It was a try. No question. But it wasn’t a try. Was it?

If like me, you have been following the many months of discord in Scottish football over the introduction of VAR you will be aware that those who sit in judgment over replays of a referee’s decision, or lack of one, are on a hiding to nothing, because for one side or other, VAR will never get it right. 

I had hoped rugby might be more objective, and more factual, but Saturday proved me wrong. Overwhelmingly the Scottish commentariat and social media wallahs were sure Sam Skinner had grounded the ball and won the match in the last seconds, as was I, while the French as a nation were equally convinced the score had not been made. 

Doesn’t matter, the referee’s decision is always final, and so Scotland lost a match we should have won long before the final denouement. 

In all the discourse I have seen since Saturday, most people have concentrated on the ‘We wuz robbed’ conclusion to the match rather than the fact that Scotland did a very good job of not winning by playing the game France wanted us to play. We kicked the ball far too often and that suited France.

In my dim and distant past, I was once coached by a man who loved physical contact and running rugby tactics above all. He once said of rucking ‘If you can’t stamp on a colleague who can you stamp on?’ He’d be sanctioned for that now. 

I have never forgotten one of his famous dictums - ‘if God had wanted us to play rugby as a kicking game, he would have made the ball round and called it soccer’. 

He really would ban all kicking unless it was last ditch defence and believe me you didn’t want to upset that guy. 

I thought of him in the middle of the boring kickfest that Saturday’s match became. I suspect precious few people really understood what was going on when the kick chase tactics descended into just kick tennis. It was boringly predictable and quite frankly disappointing that Scotland played along, but that is the law of the game and when both teams play the same perfectly legal tactics then you get what happened at Murrayfield – a crowd muttering that they had paid good money to watch utter drabness.

That is why World Rugby has to look at the laws and change them to prevent such a situation from happening again.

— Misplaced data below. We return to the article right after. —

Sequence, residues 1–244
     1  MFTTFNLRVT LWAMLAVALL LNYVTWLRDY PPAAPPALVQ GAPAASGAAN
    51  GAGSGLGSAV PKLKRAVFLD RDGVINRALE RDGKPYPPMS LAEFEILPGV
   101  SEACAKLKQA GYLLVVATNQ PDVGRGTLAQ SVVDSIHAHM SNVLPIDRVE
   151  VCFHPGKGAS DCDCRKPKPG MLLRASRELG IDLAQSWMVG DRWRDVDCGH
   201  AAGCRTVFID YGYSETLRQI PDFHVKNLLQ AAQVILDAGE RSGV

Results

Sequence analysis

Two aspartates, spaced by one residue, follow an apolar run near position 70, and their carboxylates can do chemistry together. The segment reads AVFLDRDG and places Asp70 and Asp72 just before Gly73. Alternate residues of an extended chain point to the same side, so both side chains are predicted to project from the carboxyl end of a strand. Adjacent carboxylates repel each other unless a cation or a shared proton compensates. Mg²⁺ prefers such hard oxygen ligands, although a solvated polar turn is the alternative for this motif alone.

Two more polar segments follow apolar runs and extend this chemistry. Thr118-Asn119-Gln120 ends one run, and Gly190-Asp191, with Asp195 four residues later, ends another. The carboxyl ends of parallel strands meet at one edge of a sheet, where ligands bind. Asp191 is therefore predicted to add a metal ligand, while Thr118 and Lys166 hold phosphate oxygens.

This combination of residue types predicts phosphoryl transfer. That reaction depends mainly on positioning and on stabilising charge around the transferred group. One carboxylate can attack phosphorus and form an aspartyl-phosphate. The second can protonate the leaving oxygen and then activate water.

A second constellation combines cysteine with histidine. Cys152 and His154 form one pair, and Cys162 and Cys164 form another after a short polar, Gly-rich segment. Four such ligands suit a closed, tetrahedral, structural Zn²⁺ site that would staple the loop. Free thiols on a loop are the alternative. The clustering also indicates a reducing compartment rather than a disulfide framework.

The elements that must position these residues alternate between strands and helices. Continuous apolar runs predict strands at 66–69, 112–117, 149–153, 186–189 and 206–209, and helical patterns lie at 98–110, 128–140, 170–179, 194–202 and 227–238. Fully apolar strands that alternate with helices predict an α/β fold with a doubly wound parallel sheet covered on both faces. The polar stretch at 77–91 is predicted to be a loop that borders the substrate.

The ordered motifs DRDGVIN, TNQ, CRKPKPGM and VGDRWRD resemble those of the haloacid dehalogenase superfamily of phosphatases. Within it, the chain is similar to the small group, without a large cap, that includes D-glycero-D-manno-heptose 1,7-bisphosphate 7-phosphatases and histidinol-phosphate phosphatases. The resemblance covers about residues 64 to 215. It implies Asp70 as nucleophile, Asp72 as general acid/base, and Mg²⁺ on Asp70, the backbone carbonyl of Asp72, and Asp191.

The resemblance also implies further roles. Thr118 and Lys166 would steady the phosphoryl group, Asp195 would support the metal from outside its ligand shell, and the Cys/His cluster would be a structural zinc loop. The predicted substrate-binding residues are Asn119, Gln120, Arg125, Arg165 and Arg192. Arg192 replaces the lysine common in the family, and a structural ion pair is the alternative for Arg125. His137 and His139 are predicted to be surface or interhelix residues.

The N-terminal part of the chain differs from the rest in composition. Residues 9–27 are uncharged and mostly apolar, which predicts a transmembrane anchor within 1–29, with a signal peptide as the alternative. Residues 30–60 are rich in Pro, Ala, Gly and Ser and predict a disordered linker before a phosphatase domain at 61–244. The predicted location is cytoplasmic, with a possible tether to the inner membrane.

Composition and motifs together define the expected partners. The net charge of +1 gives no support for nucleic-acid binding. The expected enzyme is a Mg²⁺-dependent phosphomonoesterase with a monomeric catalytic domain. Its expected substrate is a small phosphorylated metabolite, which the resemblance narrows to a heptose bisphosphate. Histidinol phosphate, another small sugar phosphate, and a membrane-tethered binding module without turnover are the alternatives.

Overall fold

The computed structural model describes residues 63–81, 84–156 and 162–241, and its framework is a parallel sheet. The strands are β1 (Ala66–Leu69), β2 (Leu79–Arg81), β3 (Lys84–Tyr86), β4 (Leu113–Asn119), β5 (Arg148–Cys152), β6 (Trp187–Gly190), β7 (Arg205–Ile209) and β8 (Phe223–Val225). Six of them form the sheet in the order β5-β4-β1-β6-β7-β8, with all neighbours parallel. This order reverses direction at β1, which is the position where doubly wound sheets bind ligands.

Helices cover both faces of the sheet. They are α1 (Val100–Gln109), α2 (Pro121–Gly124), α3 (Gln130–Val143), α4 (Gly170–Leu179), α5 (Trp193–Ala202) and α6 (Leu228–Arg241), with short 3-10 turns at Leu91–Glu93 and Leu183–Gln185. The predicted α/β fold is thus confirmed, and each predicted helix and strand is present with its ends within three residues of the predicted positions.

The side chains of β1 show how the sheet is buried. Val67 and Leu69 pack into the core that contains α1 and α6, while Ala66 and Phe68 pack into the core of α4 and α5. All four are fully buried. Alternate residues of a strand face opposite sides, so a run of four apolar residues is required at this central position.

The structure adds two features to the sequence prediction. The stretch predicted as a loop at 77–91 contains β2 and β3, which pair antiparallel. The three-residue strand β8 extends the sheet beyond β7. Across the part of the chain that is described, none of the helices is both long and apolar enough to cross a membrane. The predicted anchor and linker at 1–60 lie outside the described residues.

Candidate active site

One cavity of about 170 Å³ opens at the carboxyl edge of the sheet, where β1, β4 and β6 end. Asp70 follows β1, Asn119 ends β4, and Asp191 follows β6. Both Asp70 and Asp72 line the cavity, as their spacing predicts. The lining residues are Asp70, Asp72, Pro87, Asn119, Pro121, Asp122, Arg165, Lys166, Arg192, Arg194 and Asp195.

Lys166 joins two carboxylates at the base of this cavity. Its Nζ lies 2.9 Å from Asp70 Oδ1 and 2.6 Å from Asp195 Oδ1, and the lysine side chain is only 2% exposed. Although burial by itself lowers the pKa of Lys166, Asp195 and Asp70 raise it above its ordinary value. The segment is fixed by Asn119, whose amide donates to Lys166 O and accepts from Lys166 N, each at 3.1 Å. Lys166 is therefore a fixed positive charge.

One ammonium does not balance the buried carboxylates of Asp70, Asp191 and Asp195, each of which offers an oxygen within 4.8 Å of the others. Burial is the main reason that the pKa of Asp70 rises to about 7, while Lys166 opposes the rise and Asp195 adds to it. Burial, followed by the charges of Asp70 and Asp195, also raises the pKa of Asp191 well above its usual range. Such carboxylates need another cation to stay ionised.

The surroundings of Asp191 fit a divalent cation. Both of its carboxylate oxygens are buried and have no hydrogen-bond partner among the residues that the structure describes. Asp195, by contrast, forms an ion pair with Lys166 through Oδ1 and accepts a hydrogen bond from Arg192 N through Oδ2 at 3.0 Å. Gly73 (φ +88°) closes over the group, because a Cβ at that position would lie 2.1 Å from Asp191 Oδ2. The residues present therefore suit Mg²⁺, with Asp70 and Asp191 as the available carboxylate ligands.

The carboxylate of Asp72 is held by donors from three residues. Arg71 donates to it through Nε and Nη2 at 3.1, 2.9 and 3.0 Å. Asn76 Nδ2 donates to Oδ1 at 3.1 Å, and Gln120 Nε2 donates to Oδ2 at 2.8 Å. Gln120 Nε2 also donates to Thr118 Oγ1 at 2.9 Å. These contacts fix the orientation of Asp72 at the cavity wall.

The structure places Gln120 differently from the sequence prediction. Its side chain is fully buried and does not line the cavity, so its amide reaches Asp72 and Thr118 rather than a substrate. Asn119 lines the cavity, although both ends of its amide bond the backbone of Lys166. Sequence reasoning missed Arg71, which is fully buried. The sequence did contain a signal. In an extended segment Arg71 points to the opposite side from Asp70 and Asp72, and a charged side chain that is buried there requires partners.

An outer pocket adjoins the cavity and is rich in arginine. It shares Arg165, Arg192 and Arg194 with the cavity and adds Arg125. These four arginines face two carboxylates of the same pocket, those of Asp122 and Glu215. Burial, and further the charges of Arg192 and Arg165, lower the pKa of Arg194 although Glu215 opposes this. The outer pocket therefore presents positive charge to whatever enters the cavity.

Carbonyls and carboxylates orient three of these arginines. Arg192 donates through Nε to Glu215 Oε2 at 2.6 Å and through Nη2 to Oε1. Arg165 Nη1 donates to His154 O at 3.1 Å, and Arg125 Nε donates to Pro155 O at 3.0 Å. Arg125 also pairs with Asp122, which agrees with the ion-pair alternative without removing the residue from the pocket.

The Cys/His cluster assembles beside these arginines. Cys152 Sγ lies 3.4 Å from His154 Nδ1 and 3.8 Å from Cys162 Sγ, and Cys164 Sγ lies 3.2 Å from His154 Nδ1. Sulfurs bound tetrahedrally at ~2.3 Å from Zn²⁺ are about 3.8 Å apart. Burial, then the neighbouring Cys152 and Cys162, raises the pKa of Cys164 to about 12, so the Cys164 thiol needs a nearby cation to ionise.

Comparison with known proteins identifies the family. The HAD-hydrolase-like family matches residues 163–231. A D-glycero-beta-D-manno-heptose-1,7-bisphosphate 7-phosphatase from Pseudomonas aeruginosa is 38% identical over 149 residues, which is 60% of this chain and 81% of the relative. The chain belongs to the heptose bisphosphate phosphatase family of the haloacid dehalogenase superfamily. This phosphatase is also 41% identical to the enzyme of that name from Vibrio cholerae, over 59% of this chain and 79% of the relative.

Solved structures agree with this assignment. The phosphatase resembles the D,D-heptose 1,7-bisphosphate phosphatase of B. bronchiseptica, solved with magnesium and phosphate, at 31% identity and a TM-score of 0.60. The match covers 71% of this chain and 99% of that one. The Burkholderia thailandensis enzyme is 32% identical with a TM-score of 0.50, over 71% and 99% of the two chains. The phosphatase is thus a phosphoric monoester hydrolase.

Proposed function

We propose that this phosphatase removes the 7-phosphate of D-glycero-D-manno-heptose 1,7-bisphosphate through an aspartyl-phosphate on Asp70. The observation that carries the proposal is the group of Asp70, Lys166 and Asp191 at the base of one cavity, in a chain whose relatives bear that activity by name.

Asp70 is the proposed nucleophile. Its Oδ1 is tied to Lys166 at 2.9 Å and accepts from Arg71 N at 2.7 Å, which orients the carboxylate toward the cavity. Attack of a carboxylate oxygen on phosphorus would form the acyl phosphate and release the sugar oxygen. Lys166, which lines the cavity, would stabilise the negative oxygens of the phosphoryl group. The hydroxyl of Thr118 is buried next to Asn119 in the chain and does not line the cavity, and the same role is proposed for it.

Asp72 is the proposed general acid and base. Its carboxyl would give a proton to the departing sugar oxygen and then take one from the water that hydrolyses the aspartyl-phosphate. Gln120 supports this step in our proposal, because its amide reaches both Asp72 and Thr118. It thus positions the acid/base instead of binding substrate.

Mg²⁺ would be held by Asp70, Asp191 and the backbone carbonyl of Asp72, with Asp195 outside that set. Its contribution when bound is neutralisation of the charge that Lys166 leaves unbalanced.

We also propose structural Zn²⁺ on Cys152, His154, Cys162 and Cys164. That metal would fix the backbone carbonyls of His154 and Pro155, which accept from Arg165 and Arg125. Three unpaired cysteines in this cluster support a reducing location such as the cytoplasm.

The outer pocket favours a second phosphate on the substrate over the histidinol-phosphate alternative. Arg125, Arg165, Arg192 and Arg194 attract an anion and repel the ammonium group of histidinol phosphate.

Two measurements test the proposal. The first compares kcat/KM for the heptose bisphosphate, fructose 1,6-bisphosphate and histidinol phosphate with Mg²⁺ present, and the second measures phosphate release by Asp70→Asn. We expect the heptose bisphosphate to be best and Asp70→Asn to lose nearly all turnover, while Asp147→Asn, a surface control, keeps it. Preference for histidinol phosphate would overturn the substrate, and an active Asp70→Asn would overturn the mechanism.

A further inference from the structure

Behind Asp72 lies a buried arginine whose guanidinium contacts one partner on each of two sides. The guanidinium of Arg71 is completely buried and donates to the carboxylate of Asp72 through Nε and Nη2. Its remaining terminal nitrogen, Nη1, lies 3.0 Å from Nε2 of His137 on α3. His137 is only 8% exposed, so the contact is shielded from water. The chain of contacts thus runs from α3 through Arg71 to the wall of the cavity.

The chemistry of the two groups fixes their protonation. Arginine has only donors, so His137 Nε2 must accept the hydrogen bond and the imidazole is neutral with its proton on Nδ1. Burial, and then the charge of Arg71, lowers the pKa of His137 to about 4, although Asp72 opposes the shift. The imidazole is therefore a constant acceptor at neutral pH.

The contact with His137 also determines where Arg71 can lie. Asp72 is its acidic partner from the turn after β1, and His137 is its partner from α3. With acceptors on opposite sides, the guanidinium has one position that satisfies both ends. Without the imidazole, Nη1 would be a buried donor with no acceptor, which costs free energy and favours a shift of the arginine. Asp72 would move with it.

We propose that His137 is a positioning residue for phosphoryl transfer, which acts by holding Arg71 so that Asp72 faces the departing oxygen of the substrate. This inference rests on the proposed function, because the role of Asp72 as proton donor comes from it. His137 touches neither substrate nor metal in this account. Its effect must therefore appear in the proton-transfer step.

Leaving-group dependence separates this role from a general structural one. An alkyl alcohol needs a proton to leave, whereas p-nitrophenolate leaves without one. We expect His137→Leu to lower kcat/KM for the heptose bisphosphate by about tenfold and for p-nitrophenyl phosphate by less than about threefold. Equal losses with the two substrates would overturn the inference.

All this when Scotland is acknowledged as one of the best teams in the world at attacking from anywhere on the pitch, as Kyle Rowe showed with that terrific late run that so nearly bought us a score.

In the likes of Rowe, Duhan van der Merwe and now Harry Paterson we have players who are capable of attacking from deep and bringing the rest of the team into a position where they can go forward, but we saw precious little of that on Saturday. 

READ MORE: Scotland seek admission of officiating error from World Rugby

Yes, the French defence was immense but Scotland’s terrific early team try showed it was not impermeable so why did we not see more of that sort of play from the men in dark blue? I really would rather lose a game playing an expansive running rugby than go down by a single score playing safety first stuff that got us nowhere in the end.

There’s been a lot of criticism about Scotland not taking the penalty points on offer just before half-time, but what could Finn Russell and Rory Darge do? It was a chance to hammer the French scrum and take advantage of the extra man, and I would have done exactly the same as that was the adventurous thing to do. And as the pundits pointed out, the psychological effect of a try so late in the half would have been immense. 

Instead, it was France who survived and came out for the second half with their tails up. Hindsight being 20:20 vision and all that, yes we should probably have taken the points but in the end, the result would have been the same.

We lost a game we should have won and now we cannot win the Grand Slam – indeed only England and Ireland can do so. But we do have points on the board and if we beat England and Italy with bonus points then we could be going to Dublin for the last match of the tournament with a very slim chance of accomplishing a miracle. Realistically, however, every other country is playing for second position behind Ireland who are showing no drop in form and will win back-to-back Grand Slams.  

One thing I did notice at Murrayfield was the absence of chief executive Mark Dodson from the normal high profile he assumes on these occasions. Has someone had a word with the soon-to-depart Dodson? I hope so.